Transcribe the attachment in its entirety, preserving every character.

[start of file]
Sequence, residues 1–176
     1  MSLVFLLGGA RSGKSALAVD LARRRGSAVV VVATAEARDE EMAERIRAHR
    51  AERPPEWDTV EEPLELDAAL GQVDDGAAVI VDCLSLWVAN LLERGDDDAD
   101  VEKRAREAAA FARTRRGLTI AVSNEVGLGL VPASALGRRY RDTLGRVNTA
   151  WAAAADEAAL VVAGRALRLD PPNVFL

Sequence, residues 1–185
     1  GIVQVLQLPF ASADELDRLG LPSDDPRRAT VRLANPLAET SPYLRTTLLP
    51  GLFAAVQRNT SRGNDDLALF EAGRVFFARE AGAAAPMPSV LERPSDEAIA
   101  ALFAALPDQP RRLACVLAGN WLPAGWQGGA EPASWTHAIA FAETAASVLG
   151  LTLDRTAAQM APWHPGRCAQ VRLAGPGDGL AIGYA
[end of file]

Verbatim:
Sequence, residues 1–176
     1  MSLVFLLGGA RSGKSALAVD LARRRGSAVV VVATAEARDE EMAERIRAHR
    51  AERPPEWDTV EEPLELDAAL GQVDDGAAVI VDCLSLWVAN LLERGDDDAD
   101  VEKRAREAAA FARTRRGLTI AVSNEVGLGL VPASALGRRY RDTLGRVNTA
   151  WAAAADEAAL VVAGRALRLD PPNVFL

Sequence, residues 1–185
     1  GIVQVLQLPF ASADELDRLG LPSDDPRRAT VRLANPLAET SPYLRTTLLP
    51  GLFAAVQRNT SRGNDDLALF EAGRVFFARE AGAAAPMPSV LERPSDEAIA
   101  ALFAALPDQP RRLACVLAGN WLPAGWQGGA EPASWTHAIA FAETAASVLG
   151  LTLDRTAAQM APWHPGRCAQ VRLAGPGDGL AIGYA